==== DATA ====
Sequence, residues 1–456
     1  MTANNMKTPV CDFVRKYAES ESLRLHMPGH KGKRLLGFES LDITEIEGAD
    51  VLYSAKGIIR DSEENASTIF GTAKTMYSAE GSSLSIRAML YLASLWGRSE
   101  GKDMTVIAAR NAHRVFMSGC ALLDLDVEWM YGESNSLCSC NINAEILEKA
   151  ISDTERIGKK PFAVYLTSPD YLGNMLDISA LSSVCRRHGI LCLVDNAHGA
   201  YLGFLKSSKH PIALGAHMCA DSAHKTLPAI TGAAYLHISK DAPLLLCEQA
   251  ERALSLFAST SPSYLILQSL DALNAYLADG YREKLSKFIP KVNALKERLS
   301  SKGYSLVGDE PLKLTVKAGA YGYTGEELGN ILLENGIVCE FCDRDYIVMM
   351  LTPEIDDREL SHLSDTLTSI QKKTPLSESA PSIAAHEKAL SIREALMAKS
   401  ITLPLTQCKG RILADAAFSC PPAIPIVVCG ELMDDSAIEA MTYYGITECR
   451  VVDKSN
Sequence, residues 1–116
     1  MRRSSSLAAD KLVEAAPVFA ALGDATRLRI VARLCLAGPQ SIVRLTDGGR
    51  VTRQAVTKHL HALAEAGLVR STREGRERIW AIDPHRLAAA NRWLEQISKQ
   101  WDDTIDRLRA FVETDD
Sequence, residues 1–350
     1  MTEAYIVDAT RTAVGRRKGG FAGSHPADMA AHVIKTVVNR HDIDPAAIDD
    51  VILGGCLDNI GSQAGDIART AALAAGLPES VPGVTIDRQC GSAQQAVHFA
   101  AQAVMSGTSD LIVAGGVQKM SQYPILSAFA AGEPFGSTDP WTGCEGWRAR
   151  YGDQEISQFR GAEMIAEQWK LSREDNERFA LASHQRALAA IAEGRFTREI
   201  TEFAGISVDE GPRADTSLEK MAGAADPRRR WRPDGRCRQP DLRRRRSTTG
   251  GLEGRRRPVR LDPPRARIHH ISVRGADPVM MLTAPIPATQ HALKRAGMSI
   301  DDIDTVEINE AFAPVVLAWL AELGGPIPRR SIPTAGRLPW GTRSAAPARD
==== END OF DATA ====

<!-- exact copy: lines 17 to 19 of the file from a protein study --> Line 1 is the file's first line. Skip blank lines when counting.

     1  MTEAYIVDAT RTAVGRRKGG FAGSHPADMA AHVIKTVVNR HDIDPAAIDD
    51  VILGGCLDNI GSQAGDIART AALAAGLPES VPGVTIDRQC GSAQQAVHFA
   101  AQAVMSGTSD LIVAGGVQKM SQYPILSAFA AGEPFGSTDP WTGCEGWRAR